Page last updated at 21:36 GMT, Friday, 20 March 2009

Space station unfurls solar wings

Solar array unfurling (Nasa TV)
The wings were rolled slowly to avoid the possibility of snagging

Ten years after its construction began, the International Space Station now has full power capability.

Mission controllers commanded the unfurling on Friday of the platform's fourth and final pair of solar arrays.

The huge solar wings had been delivered to the ISS by the Discovery shuttle and installed by its astronauts with the help of the station's robotic arm.

When taken up to full capacity, the station's arrays should now generate as much as 120 kilowatts of electricity.

The addition of the final set of solar wings will double the amount of power available for scientific experiments aboard the station - from 15kW to 30kW.

Nasa flight director Kwatsi Alibaruho describes the unfurling

The unfurling of the 73m-long (240ft) structures went very smoothly.

"It's just really amazing," commented Mike Fincke, the space station's commander. He said there was "a shout of triumph" from astronauts aboard the linked station-shuttle complex once the two wings were fully extended.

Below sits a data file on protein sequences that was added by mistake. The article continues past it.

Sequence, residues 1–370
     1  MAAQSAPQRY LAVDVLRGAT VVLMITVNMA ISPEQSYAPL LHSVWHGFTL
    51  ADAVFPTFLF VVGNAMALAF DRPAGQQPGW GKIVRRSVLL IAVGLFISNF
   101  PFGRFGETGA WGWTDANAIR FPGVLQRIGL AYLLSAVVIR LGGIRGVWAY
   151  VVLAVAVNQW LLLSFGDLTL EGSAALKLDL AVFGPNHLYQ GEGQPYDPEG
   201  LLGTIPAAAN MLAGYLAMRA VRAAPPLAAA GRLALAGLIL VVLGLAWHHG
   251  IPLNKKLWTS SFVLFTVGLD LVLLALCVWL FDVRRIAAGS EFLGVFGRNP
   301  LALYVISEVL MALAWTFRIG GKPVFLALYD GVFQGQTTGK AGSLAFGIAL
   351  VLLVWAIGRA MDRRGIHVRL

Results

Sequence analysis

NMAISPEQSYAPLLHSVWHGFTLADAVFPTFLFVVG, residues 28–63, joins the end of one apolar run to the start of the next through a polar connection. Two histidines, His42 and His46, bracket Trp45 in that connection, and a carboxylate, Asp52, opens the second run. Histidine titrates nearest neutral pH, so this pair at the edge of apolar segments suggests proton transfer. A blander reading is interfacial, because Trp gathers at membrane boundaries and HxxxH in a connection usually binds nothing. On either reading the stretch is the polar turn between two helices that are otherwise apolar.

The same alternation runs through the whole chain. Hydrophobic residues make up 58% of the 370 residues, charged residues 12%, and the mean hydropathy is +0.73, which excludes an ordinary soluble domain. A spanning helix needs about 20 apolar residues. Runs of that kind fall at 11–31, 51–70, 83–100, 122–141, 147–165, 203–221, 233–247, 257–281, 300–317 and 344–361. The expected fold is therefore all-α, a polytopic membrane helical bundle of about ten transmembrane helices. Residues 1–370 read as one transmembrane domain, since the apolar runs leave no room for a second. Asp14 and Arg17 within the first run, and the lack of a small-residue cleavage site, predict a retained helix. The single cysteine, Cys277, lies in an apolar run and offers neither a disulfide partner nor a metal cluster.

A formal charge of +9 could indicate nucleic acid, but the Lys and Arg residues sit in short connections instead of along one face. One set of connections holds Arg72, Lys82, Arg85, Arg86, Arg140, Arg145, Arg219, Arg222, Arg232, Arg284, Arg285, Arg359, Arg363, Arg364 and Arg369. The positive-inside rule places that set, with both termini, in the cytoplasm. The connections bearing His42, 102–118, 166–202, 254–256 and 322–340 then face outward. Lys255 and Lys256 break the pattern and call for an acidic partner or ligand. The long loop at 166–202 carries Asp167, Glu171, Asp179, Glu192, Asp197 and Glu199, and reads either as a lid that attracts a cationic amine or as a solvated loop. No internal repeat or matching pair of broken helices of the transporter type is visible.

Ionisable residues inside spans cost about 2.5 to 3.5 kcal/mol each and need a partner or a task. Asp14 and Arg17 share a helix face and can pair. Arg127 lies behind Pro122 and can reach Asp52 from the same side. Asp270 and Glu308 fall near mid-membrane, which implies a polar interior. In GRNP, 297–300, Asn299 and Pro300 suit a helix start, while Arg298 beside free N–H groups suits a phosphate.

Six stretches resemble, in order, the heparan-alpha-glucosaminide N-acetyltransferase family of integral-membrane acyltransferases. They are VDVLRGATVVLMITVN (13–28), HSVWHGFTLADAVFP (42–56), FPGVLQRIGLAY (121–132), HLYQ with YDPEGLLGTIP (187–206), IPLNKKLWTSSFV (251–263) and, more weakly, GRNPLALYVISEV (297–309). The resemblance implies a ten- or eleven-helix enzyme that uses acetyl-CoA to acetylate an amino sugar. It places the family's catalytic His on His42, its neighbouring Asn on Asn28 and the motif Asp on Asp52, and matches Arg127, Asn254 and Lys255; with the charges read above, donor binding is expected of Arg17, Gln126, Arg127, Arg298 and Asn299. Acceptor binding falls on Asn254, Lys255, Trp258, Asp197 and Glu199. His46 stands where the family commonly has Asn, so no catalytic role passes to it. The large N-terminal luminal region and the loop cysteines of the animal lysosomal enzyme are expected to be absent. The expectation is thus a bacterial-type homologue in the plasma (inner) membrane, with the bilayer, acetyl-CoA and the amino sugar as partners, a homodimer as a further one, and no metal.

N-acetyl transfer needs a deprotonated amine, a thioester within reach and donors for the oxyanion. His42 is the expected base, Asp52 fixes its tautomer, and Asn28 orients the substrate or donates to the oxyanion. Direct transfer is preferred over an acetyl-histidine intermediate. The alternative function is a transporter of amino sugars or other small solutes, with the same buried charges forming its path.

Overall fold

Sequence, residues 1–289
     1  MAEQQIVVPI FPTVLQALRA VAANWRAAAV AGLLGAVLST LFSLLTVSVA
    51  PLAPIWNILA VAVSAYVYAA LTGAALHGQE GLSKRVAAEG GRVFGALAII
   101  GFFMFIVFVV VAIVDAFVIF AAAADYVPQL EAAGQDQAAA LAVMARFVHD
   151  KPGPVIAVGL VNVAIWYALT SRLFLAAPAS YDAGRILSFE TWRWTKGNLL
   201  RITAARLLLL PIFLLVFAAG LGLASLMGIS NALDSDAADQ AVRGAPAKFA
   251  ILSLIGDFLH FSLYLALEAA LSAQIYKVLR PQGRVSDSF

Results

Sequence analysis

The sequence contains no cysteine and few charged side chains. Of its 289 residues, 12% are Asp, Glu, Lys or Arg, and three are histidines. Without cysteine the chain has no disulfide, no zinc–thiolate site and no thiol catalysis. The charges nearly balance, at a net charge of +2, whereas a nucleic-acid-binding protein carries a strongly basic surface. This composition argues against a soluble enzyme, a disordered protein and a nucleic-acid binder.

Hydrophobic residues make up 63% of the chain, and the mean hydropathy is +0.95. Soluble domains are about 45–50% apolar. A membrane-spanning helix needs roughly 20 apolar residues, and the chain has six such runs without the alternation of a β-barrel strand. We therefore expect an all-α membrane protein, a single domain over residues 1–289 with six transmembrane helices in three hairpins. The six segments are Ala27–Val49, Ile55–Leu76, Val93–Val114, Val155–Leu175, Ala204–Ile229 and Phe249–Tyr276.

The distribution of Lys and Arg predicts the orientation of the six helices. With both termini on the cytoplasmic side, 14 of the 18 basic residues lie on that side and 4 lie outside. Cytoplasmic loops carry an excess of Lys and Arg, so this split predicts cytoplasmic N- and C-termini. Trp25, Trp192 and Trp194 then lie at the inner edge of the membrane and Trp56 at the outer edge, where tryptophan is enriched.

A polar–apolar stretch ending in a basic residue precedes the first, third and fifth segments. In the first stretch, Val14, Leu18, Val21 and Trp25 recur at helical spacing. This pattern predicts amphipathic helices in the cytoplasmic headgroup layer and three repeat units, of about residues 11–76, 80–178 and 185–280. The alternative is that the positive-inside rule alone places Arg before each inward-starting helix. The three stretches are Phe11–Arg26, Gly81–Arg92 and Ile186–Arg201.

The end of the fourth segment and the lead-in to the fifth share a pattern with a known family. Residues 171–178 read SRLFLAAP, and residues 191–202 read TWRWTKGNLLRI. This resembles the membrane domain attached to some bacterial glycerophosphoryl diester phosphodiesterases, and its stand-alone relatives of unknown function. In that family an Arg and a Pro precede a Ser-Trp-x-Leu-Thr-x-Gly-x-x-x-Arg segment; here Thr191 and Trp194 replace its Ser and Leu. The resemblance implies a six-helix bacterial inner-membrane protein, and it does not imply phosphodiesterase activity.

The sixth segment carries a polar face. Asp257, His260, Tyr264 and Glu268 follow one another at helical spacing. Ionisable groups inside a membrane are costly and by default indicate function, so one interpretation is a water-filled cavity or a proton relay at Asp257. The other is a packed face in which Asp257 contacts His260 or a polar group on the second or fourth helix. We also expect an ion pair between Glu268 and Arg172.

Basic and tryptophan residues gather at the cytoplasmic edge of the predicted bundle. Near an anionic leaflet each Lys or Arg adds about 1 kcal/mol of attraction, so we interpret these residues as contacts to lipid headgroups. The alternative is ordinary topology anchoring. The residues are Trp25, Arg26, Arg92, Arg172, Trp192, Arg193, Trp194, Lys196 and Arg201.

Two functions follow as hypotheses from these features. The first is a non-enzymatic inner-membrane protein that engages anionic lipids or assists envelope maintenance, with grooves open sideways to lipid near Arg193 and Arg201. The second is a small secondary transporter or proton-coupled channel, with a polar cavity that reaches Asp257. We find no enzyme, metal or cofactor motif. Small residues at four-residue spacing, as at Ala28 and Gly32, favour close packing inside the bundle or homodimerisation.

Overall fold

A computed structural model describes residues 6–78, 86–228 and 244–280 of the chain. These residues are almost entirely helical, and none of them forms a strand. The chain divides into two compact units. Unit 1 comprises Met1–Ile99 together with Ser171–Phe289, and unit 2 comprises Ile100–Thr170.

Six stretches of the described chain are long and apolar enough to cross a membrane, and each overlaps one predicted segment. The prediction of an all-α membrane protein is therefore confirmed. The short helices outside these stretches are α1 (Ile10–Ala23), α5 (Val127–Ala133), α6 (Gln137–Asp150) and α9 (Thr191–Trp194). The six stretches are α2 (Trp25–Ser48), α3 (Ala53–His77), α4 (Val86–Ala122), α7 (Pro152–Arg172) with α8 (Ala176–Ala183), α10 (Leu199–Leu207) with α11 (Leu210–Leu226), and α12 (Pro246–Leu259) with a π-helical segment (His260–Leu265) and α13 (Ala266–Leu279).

When viewed from the Earth's surface shortly after sunset, the ISS appears as a very bright star moving swiftly across the sky. The addition of a larger reflective area will make the platform an even more brilliant spectacle.

The fourth set of solar arrays is attached to the sixth starboard truss, or backbone segment, of the platform which was bolted into place on Thursday. The work took spacewalking astronauts Steve Swanson and Richard Arnold six hours and seven minutes to complete.

Richard Arnold (Nasa)
Richard Arnold helped bolt down the new backbone segment

The entire ISS backbone - which supports not just the arrays, but radiators and other equipment - now stretches for 102m (335ft).

The solar wings are the last major pieces of US-made hardware to be attached to the station.

Their addition increases the mass of the platform to just over 300 tonnes (670,000 pounds). The station is now more than 80% complete.

Outstanding items include significant European contributions, such as the Node 3 connecting unit, the Cupola window and the European robotic arm.

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